[i] Zeitgeist— from the German Zeit and Geist.   In English, this translates to “Time Ghost,”  but the meaning has to do with a group of people having a similar, revolutionary idea at the same time.  Often they may not know each other at the beginning of their new idea, but the do know each other once their idea gets rolling. At the end of a Zeitgeist moment, it’s anybody’s guess if anyone is still getting along.


    [ii] Dorothy Norman (1973). Alfred Stieglitz: An American Seer. (Courtesy of Wikipedia)


    [iii] f/64 is the smallest aperture on a large format camera.


    [iv] No, seriously.  He could be straight-up cruel.  Some of the things he did to his first and second wives would make you scream.  Second wife— Georgia O’Keefe.  Guess what?  She screamed back.  Well… his first wife was no slouch in the screaming department either.










    *BOOKS & FILMS on Early Modern Photography

    As always, all of my work in this area is inspired and informed by my mentor, photographer and writer Donald Ewers.

    *The first installment of the “History of Modern Photography” series was this piece here, but it began when I wrote a piece for Our Sunday Best, which is Bluebird Blvd.’s weekly in-depth survey of some cool idea or thing. (Initially, it was my attempt to do a groovy list post in the early days of Bluebird Blvd., when I was posting seven days a week. Of course, the list posts kept getting bigger and more complex and more about things I am madly in love with, and so, you know, I ended up writing things like this piece, which took eight or more hours of pedal to the metal research with flipping footnotes and stuff. (Having a journalism/English/writing background does have its perks. I am a pretty fast researcher.) (Keep in mind that I am an absolute idiot at dozens of other things, just in case you think I sound a little too proud at the moment.)

    My bigger point is, I have worked as photographer semi-professionally since my early 20s, but I had not, until last year, shown any interest in writing about the history of photography. Photography’s history is pretty nutty and full of gossip and switchback roads and all sorts of nonsense. It’s also amazing and gratifying and shows you just how tough photographers are. Photography is also one of the first art forms where, right out of the gate, there were women photographers— and no one said jack-diddly-doo about it. (Well, some idiots might have tried, but Imogen Cunningham and Dorothea Lange could pin folks’ ears back with a reply, I am certain. All the early ones were tough— the women and the men— and they worked together. It makes me giddy to think on it.)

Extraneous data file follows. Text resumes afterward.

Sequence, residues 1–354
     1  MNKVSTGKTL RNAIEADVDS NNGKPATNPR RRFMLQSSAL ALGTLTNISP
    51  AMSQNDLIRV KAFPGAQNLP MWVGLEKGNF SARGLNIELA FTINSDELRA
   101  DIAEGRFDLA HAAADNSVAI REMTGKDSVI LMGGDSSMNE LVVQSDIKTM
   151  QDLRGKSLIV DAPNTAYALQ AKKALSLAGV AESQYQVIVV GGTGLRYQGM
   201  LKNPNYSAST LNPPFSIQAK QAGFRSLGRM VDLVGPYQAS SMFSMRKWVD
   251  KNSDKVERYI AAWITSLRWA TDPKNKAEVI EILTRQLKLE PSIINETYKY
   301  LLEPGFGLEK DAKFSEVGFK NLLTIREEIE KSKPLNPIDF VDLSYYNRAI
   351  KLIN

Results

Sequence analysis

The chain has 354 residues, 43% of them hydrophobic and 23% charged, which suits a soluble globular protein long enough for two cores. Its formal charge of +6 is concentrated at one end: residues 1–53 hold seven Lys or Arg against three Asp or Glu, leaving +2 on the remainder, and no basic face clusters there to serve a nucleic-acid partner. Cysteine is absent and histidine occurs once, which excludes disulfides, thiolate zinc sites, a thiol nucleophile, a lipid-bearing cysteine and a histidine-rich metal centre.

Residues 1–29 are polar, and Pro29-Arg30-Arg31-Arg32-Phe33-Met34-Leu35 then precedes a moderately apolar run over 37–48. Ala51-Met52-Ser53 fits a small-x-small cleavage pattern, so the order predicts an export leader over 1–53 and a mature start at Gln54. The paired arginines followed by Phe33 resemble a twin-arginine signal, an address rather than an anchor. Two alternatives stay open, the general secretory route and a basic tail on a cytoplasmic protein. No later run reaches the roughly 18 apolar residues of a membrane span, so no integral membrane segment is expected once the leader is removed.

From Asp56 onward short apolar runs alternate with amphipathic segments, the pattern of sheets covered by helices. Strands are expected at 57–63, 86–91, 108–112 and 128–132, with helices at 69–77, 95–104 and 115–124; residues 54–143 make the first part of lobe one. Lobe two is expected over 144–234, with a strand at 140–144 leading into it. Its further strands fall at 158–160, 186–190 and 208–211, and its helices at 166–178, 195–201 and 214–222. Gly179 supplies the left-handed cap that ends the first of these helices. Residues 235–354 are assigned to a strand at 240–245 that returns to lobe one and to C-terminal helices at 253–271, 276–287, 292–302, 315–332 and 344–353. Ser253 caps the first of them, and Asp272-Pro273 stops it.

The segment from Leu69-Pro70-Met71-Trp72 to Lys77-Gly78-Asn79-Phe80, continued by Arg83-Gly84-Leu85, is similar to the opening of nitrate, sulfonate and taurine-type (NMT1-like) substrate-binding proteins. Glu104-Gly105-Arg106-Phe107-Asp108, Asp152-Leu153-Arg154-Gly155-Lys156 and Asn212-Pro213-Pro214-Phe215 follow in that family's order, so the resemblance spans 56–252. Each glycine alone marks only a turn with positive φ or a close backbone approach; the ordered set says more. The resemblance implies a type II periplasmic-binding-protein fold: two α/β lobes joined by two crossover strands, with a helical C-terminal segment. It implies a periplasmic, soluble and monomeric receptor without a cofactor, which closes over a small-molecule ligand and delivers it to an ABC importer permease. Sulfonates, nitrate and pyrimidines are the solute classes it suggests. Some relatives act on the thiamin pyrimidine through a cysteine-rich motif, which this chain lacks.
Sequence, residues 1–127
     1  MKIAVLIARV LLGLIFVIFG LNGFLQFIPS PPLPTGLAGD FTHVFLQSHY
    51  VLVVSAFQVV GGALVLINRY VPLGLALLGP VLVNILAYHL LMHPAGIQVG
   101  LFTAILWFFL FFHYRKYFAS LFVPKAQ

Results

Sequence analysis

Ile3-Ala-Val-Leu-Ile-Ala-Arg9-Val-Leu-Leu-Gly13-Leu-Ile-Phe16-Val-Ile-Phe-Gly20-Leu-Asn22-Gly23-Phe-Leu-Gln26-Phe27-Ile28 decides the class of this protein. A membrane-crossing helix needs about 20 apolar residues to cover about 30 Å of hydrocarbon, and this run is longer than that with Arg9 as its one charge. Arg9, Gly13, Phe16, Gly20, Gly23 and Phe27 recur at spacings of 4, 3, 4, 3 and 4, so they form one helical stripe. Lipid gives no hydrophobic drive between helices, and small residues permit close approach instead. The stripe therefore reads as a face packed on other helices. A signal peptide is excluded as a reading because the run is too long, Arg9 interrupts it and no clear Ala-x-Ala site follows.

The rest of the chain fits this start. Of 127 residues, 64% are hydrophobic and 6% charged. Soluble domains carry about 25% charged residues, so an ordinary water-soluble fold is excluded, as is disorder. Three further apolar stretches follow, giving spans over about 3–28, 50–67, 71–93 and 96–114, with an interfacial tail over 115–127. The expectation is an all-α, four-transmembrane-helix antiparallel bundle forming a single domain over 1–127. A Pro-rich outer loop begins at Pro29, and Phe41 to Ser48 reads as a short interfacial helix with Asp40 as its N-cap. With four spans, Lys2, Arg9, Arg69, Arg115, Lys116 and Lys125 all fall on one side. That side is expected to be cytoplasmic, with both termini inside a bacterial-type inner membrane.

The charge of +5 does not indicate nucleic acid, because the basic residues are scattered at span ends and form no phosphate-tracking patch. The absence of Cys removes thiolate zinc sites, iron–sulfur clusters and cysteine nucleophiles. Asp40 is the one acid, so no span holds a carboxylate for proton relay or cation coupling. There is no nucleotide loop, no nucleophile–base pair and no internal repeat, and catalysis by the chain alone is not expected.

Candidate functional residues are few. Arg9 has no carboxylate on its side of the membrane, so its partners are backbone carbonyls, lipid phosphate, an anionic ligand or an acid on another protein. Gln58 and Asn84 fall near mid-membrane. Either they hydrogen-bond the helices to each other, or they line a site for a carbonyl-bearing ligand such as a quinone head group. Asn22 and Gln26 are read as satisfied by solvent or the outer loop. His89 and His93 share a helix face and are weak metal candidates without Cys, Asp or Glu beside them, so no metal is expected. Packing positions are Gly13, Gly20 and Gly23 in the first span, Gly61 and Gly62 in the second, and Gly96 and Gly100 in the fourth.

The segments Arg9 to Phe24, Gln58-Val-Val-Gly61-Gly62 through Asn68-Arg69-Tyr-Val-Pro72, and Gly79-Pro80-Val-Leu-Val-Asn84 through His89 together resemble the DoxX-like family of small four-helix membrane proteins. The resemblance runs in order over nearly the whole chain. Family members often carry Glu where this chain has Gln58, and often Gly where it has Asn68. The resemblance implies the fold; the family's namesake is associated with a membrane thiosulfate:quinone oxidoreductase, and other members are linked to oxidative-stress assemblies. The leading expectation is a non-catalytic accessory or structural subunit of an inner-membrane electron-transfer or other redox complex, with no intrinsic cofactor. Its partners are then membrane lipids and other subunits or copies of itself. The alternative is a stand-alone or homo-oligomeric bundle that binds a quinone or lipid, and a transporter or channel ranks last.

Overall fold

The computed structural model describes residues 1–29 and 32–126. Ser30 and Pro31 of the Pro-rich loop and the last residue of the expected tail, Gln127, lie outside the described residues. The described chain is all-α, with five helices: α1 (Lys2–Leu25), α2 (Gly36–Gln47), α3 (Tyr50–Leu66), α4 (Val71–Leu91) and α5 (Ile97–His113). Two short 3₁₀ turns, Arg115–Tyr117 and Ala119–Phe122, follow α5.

Bluebird Blvd. is still running new installments in this ongoing series. In fact, what I’m working on now is a complete manuscript that covers the width and breadth of modern photography. I’m excited to share this with you today, and I was excited when I posted this installment last year on April 17, 2012. Because from here— we’ll be jumping right into a whole different history next week. Shall we begin? Let us begin!

    Why a repost? Go here for a partial explanation as to why we’re reposting this week.

    A NOTE: Guess WHICH BLUEBIRD of your ACQUAINTANCE is back from BIG BEND U.S. NATIONAL PARK! No, GUESS! (I’ve begun to put up some pix from this short but potent trip on the Bluebird Blvd. FB Page.)


    Our Sunday Best: Disguises and Surprises


    Garage mechanic near Newark, N.J. Badge denotes member of Office of Defense Transportation (LOC)


    My mother invited me to a charity gala whatchacallit this week, and I had my semi-annual panic over what to wear.

    I love to go places with my mother. And I hate to dress up. It’s a real head-shrinker of a problem, I tell you.

    After doing a quick mental flick-through of my current clothes situation, I panicked. Was I going to have to wear the one dress I own with the sleeves I loathe? Whattodo? Whattodo?

    Would it be possible to cobble something together from other garments I own?

    Despite my panic, I managed to mouth-breathe long enough to source a pair of slim black trousers in my closet I forgot I purchased from the thrift store last summer. And a sleeveless grey cashmere sweater, and a silk menswear jacket, all thrifted from the same trip. I slapped some heels on and away we went!

    Well, that’s how the story is supposed to go, anyway.

    What really happened is that the trousers, in good sunlight, though clean, were coated in dog hair and weird fibers of unknown origin.

    (My mother called them my mo’ hair trousers ’cause they got mo’ hair than they’re supposed to have.)

    After wearing the four-inch heels for two hours, I started to wonder when I had replaced the heels of my shoes with railroad spikes.

    My poppy-toned red lipstick migrated to my forehead after dinner, but before I drank my post-dessert cup of decaf.

    To recap: Here’s a mental snapshot of what I looked like by the end of the evening—

    I was wearing furry trousers.
    I was limping from painful heels, and—
    my red lipstick looked quite lovely on my glistening forehead.

    The moral of this story?

    You can’t take me anywhere. (That’s pronounced enny-whurr, by the way, in certain parts of Texas.)

    And so, do you know what I do? Do you know what I did?